For a few very hard years this word was my mantra.
The word means
-undismayed; not discouraged; not forced to abandon purpose or effort
-undiminished in courage or valor; not giving way to fear
But the truth is, I was often dismayed by everything that had taken place, and I did battle discouragement. I battled fear and doubts. I hurt and was angry, and sometimes "undaunted" sounded more like a mockery than a mantra, and I was determined to be real about all of it in these posts, thus the name, Undaunted Reality. More than that, though, I was determined to live undaunted, not because I'm so great or strong, but because my God is, and no matter what this world looks like, He is the only reality that matters.
I pray I live the reality of Him beautifully undaunted.

Monday, November 2, 2015

When You Can't Do Another Sunday

"I hate Sundays. I can't do another one. I don't know what you can do about it, but really, God, I cannot do another Sunday."

I sobbed out the words as I lay across my bed.

For the previous two months I had been attending mass in hopes of finding some solace and some recognition of holy. I never expected to become Catholic. I didn't expect to convert anyone from Catholicism. I was simply tired of the loud music and the entertainment mindset that seemed to run the churches we had attended the last five years. They were so busy trying to be relevant to the culture that they had become irreverent in their idea of righteousness, so for two months I attended mass where the quiet was solace and the reverence made sense. Then someone referred to me as an outsider, and maybe he meant it as a joke, but he was right. I was an outsider, and I was done.

I wasn't looking for the perfect sermon or the perfect theology or the perfect church. I am not naïve enough to believe such things exist. I was looking for a home, for a place where we could do life with folks, a place where we love the people there and they love us back, a place where we really belong. And I was done looking.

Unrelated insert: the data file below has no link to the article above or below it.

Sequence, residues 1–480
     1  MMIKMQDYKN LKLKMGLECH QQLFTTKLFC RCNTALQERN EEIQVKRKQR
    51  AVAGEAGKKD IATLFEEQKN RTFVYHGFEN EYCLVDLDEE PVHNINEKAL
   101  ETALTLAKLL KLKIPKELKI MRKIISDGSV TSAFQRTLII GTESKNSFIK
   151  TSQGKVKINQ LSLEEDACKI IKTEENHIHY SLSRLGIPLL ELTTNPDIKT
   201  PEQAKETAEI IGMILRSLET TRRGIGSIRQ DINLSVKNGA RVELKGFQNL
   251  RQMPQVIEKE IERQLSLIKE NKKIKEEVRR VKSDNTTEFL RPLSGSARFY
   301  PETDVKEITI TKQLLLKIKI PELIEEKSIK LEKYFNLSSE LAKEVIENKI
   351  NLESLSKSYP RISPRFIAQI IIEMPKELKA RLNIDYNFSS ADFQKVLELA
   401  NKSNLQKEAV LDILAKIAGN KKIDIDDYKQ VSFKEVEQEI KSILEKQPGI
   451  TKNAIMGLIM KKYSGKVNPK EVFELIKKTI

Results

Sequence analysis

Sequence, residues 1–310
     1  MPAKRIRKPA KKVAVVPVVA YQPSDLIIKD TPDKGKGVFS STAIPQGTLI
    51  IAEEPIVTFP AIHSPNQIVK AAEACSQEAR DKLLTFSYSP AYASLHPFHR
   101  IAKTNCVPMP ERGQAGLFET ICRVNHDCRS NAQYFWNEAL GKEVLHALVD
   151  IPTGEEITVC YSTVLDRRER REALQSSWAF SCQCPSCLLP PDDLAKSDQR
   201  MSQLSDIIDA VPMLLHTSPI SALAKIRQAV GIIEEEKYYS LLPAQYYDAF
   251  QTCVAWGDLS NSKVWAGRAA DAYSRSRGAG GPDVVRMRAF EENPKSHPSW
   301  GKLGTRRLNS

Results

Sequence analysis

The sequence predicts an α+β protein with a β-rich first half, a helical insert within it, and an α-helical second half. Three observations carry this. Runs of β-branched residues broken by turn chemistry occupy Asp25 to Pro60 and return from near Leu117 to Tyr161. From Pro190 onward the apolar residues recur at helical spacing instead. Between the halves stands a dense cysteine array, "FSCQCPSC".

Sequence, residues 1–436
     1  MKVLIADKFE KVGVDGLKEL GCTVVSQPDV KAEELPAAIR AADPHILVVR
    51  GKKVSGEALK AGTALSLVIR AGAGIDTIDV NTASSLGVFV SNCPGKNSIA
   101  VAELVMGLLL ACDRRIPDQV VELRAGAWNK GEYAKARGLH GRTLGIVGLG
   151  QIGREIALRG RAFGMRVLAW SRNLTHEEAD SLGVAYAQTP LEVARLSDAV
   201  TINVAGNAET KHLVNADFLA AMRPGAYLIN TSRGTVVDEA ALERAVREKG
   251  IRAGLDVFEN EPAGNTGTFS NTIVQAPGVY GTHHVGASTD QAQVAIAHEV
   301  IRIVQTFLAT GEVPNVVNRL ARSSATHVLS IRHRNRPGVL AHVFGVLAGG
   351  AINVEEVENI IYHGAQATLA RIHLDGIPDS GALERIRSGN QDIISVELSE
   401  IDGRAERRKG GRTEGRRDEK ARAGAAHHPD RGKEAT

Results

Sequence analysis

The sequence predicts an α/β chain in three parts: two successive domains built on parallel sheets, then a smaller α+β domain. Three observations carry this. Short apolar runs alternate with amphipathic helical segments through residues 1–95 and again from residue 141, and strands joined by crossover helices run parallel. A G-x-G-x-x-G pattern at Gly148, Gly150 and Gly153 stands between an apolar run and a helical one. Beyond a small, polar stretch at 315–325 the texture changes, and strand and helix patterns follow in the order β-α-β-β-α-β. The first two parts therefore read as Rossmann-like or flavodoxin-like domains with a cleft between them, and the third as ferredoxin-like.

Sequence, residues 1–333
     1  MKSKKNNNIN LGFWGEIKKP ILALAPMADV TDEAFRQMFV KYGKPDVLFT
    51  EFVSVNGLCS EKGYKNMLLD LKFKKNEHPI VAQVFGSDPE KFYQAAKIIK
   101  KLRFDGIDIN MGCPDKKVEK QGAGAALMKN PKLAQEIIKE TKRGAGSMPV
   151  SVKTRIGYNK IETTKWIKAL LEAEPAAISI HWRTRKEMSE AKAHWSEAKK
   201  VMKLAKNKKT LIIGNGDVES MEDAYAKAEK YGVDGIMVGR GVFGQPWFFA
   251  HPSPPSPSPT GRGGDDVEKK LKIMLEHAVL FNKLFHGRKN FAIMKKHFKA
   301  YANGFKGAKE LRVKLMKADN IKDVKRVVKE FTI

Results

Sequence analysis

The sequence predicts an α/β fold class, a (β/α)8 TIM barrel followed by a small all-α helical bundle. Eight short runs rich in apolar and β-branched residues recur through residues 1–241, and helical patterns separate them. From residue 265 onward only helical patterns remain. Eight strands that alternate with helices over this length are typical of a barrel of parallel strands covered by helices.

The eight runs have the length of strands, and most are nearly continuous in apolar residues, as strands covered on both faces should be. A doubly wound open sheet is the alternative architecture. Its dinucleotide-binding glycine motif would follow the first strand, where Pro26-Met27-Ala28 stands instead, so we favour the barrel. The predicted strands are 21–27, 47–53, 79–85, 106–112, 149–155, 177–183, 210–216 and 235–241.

The truth is Sundays have been hard since my husband left and my mom died. I was raised that Sundays are about family, and when I was little, we always went to my grandparents' after church for a big meal. When I got married, my husband and I would go to church and come home, eat pizza or burgers, watch sports, take a nap, go to small group if it was that night, and end the day watching a movie together. When the kids came along, we modified, but Sundays were always about our family and the people we knew at church who joined us for lunch or dinner or attended the small group we were in. Sundays were a type of anchor, a place to belong. No matter what happened during the weekend, Sunday was coming, and you were always safe and always wanted there.

That was long gone.

My parents have both passed on. My marriage ended, and despite trying, the kids and I have not found a church where we feel like family. I've yet to find a small group for singles (and I just cannot do a women's group that focuses on being a better wife or better mother of small kids or a couple's group that focuses on marriage). The kids didn't make friends in the youth. We tried. Invited folks over, offered to host a bonfire and cookout, opened our doors to adult or youth Bible studies but were always told no, and...after five years I finally quit trying, stared into the early morning darkness, and told God I was done. I was done believing in the fairy tale that people with no place to belong could find one if they really tried. I was done believing that I could rebuild the life I really wanted, which included a family beyond the kids and me, even if it wasn't a biological one. I was done. And I was done with Sunday.

And I prayed the craziest prayer. I told the Lord I didn't expect Him to send the cavalry or for anyone to show up at my door. I didn't really expect anything, but my heart was crushed, and He was the only one I knew to really tell, and honestly, I needed Him to do something about Sundays.